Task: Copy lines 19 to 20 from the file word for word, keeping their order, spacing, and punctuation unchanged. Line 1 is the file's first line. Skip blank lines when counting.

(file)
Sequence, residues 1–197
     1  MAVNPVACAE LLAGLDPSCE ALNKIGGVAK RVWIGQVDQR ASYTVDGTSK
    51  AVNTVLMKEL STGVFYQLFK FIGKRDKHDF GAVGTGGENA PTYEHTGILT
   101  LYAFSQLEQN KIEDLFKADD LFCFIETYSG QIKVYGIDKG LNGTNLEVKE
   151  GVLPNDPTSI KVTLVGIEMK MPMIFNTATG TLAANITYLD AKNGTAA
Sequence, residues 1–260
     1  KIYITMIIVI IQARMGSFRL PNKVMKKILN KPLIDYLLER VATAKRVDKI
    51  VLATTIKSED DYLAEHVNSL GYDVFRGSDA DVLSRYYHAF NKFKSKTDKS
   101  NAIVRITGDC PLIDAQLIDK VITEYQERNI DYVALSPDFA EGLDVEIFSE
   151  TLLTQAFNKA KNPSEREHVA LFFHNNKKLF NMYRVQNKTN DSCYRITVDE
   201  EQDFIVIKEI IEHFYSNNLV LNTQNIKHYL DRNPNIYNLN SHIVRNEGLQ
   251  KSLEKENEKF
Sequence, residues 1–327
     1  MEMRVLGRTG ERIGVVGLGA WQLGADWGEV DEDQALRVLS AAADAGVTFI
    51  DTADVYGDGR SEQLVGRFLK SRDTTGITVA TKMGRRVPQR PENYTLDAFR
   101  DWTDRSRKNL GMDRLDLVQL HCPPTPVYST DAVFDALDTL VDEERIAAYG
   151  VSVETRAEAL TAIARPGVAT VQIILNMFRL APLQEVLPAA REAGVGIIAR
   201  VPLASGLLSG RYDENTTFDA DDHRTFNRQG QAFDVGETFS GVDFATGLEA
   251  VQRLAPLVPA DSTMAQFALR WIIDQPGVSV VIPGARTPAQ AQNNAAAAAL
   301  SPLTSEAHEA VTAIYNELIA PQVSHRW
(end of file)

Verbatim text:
   251  VQRLAPLVPA DSTMAQFALR WIIDQPGVSV VIPGARTPAQ AQNNAAAAAL
   301  SPLTSEAHEA VTAIYNELIA PQVSHRW